Generalized problems can only obtain generalized, thus superficial solutions. Therefore, it has been summarily decided that the problem lies in lack of education, not the inequitable and unrepresentative political systems. Education became the buzz word, as if education is a detached value; therefore, education cities are erected in Arab countries that can easily afford importing the best teachers and curricula money can buy. More research institutions are also making appearances in various Arab capitals. Those existing in rich Arab countries are operated largely by foreigners, whose sense of priority lies, naturally, elsewhere. One fails to grasp the wisdom.
But of course, education is a mindset, a culture even. What is the point of pursuing a PhD in a society where nepotism determines who does what? It’s most rational, from a self-seeker’s point of view, to spend time knowing and passing one’s business cards to the “right people” than spending years of one’s life pursuing a university degree.
UNDP recently launched “The Arab Knowledge Report 2009,” jointly with the United Arab Emirates-based Mohammad bin Rashid al-Maktoum Foundation. Another depressing read, nonetheless. Governments were criticized for paying lip service to “reform,” yet “widening the gap between word and deed.” It concluded that Arab countries are far from being knowledge-based societies. Numbers and more numbers told the story: Finland spends $1000 per person on scientific research, while less than $10 are spent annually in the Arab World. More, the number of published books averages one for every 491 British citizens, while in the Arab world it’s one for every 19,150. But that should not be much of a surprise considering that one-third of older Arab citizens are illiterate, two-thirds of whom are women. Meanwhile, more than seven million children, who should be in school, are not. Illiteracy stands at 30 percent in the Arab world.
Dr. Ghassan Khateeb, of Birzeit University in the occupied West Bank believes that there “is a direct relation between the lack of investment and the problematic situation we find ourselves in relation to knowledge…This is all related to politics; the lack of democracy and the lack of knowledge enforce each other,” he was quoted as saying.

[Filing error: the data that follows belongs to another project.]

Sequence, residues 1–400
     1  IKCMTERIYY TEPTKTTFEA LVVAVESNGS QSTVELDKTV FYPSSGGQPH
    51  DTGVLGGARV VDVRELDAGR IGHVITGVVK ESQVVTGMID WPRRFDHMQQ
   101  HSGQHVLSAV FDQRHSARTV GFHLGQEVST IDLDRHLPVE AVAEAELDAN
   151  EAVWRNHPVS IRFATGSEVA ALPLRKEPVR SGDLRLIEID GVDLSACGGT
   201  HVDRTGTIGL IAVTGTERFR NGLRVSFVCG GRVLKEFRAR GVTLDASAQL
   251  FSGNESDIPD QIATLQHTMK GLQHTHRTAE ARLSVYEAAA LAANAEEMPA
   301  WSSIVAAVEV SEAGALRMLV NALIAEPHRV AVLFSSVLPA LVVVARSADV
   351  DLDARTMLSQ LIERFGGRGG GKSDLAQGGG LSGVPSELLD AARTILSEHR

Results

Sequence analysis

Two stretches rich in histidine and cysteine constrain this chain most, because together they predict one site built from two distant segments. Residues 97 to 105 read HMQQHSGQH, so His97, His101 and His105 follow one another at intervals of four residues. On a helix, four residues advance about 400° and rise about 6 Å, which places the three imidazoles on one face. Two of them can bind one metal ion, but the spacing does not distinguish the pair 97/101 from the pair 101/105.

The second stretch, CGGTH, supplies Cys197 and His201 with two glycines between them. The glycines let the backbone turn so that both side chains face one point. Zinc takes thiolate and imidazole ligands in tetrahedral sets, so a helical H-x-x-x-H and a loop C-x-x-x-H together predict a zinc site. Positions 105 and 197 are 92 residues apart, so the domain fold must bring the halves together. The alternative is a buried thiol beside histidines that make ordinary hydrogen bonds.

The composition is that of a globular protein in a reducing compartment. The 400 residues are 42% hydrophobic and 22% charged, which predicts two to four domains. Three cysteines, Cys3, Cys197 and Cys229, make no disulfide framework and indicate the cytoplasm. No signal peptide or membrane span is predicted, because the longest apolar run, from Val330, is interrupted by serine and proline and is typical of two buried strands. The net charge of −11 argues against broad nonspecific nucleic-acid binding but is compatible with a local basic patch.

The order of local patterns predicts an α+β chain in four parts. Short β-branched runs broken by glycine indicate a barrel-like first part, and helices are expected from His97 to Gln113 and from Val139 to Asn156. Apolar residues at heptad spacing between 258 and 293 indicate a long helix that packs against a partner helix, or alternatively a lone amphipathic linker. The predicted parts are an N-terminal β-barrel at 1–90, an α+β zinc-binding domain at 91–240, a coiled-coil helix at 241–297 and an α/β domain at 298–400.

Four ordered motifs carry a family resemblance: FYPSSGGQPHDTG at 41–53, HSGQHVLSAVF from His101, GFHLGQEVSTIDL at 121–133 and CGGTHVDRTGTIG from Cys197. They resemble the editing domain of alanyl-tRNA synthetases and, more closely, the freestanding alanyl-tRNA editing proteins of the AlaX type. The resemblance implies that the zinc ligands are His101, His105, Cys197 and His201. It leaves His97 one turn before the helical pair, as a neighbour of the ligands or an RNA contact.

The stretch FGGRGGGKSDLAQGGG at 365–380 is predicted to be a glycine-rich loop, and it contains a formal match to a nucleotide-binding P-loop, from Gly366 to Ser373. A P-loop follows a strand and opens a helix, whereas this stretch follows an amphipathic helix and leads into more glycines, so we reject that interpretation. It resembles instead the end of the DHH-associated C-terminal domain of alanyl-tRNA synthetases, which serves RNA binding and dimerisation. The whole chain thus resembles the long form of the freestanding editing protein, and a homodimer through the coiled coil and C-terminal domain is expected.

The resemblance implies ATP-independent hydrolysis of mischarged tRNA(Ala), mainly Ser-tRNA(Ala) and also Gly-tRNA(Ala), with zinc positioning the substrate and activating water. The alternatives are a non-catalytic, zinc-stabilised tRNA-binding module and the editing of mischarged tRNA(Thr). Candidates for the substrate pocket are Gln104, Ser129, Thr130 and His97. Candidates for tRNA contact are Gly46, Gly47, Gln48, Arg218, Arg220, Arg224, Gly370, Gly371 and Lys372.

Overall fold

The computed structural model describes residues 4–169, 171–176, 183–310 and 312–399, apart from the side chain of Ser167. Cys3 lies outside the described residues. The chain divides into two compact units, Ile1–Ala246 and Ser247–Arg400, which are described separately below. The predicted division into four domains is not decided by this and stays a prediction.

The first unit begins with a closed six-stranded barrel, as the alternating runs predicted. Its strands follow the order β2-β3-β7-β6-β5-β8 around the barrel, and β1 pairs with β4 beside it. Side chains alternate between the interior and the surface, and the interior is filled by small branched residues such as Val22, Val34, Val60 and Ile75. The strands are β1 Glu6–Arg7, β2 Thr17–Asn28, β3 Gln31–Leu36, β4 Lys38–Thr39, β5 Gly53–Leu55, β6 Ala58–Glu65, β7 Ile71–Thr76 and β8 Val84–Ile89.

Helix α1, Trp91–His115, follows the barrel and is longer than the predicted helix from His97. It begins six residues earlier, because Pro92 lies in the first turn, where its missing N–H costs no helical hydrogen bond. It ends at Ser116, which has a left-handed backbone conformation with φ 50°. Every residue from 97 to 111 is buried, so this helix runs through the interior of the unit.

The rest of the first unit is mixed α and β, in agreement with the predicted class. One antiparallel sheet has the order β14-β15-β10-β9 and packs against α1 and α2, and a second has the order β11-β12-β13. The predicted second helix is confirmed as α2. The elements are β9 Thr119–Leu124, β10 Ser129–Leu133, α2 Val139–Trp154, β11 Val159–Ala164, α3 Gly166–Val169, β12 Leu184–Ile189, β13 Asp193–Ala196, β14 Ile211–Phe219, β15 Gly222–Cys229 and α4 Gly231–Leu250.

Paul Salem, writing in the British Guardian, while recognizing the failure of Arab governments, found that others are also, if not equally, responsible. “The cost of a single month of Western military spending in Iraq or Afghanistan would be enough to triple total aid for education in the Middle East. The cost of two cruise missiles would build a school, the cost of a Eurofighter a small university.”
Alas, some Arab governments spend twice, if not three times more, on their military budget than they invest in education. And keeping in mind that nearly one out of every five Arab citizens lives below the poverty threshold of two-dollars a day, the tragedy is suddenly augmented.
Arab governments must rethink and reconsider their current priorities and course of action. They must think and act individually, but collectively as well, before the crisis turns into a catastrophe, as will surely be the case if nothing is done.
Ramzy Baroud (www.ramzybaroud.net) is an author and editor of PalestineChronicle.com. His work has been published in many newspapers, journals and anthologies around the world. His latest book is, “The Second Palestinian Intifada: A Chronicle of a People’s Struggle,” (Pluto Press, London), and his forthcoming book is, “My Father Was a Freedom Fighter: Gaza’s Untold Story,” (Pluto Press, London), now available for pre-orders on Amazon.com.